top of page

Top 5 Things You MUST Do When Test Driving a Toyota Land Cruiser FJ60 (Buyers Guide)

Updated: Sep 22, 2022

Ok, so you've made the decision to buy a classic Land Cruiser FJ60, but you don't necessarily know what all the sounds and creaks mean. Well, your anxiety will hopefully subside after reading this article, and it will give you the confidence to go into your next purchase. Here is a list of 5 things you need to do when test driving a Toyota Land Cruiser FJ60.


It's important to let the engine idle so the FJ60 can talk to you and so all the systems reach their operating temperatures. Here are a few sounds you might hear and what they might mean.

SQUEAKS: These are minor and shouldn't cause too much alarm. The most common squeaks are from the following...

Pulleys drive major components of the engine like the alternator, the drive system, fan, or AC compressor. After years the bearings within them start to go bad and squeak. It's really annoying.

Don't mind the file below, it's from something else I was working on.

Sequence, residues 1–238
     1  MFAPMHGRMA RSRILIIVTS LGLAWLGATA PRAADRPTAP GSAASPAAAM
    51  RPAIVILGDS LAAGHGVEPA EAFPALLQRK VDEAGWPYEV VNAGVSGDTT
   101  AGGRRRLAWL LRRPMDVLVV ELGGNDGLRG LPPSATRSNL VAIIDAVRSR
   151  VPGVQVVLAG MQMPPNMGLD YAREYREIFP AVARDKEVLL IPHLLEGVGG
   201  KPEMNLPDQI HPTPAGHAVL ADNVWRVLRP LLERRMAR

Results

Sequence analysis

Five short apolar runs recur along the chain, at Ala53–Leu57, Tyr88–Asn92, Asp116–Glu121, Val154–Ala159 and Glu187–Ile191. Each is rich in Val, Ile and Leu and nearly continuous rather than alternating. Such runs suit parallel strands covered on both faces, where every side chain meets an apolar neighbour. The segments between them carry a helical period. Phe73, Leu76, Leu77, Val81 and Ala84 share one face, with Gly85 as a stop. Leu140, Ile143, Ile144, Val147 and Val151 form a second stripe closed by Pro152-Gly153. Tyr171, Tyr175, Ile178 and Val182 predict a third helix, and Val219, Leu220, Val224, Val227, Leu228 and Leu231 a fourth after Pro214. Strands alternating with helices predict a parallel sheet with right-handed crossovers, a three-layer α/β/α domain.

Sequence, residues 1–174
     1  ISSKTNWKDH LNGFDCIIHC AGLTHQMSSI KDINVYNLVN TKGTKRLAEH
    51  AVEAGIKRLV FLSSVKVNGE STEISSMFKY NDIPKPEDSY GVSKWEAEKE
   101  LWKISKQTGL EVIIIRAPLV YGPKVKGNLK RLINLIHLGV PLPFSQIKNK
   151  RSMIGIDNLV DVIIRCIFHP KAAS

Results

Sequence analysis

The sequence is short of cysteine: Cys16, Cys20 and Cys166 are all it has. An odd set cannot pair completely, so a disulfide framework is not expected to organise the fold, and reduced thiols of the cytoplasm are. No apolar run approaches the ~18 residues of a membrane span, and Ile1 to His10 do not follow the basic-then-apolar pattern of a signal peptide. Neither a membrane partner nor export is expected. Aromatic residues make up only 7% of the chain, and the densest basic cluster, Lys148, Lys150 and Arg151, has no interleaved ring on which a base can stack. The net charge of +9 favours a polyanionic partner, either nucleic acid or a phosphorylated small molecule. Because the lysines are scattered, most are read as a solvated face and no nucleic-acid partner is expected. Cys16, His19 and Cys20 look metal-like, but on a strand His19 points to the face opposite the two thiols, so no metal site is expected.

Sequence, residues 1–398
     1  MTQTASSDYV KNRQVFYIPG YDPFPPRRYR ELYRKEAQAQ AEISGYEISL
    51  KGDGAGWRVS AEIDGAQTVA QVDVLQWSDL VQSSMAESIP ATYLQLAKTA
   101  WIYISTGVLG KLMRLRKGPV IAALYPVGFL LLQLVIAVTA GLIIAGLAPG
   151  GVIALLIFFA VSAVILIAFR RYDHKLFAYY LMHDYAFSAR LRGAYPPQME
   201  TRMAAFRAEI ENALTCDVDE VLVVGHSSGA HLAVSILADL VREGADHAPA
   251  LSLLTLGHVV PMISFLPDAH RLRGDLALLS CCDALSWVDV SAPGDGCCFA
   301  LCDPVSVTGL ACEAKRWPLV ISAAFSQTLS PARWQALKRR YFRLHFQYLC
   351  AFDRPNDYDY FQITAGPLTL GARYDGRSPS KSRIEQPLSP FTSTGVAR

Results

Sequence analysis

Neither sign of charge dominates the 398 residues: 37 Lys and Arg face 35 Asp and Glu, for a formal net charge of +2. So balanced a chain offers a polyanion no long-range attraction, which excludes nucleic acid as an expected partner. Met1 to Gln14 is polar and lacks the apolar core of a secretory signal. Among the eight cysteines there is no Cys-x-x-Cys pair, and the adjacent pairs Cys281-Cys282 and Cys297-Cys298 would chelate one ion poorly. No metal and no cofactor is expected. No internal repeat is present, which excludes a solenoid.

Some just need tightening, and some need replacing. If you replace a pulley you should replace the belt as well.

Another squeak would be a sign that your AC Compressor is going bad. It can cost you some money, but not as bad as you think. See full details on your AC system below.

VIBRATIONS: Unlike the song, there is no such thing as good vibrations with an FJ60. Chances are it's your vacuum system or smog system not working properly. It's also a sign that there isn't enough fuel going into your engine. If the engine idles rough and feels like it will turn off at any moment then your carburetor needs adjusting or rebuilding. A decent rebuilt will run you about $350. GRINDING: Just like if a stranger was grinding on your daughter, there is never a good outcome when you hear grinding coming from you Land Cruiser FJ60. ($$$) This usually means the car is in serious need of a tune up or repair. It could be your flywheel, crankshaft or pistons, all of which are vital engine components that are necessary for operation.

RATTLING: If the engine sounds like a diesel engine instead of a gasoline engine when it's idling, this issue could be as simple as a bad timing adjustment or bad gas (both causing improper ignition or "pinging" or "knocking"). In severe cases your valves need to be adjusted or replaced. Valve jobs can run you anywhere from a few dollars in materials and a lot of elbow grease to $800 at a machine shop.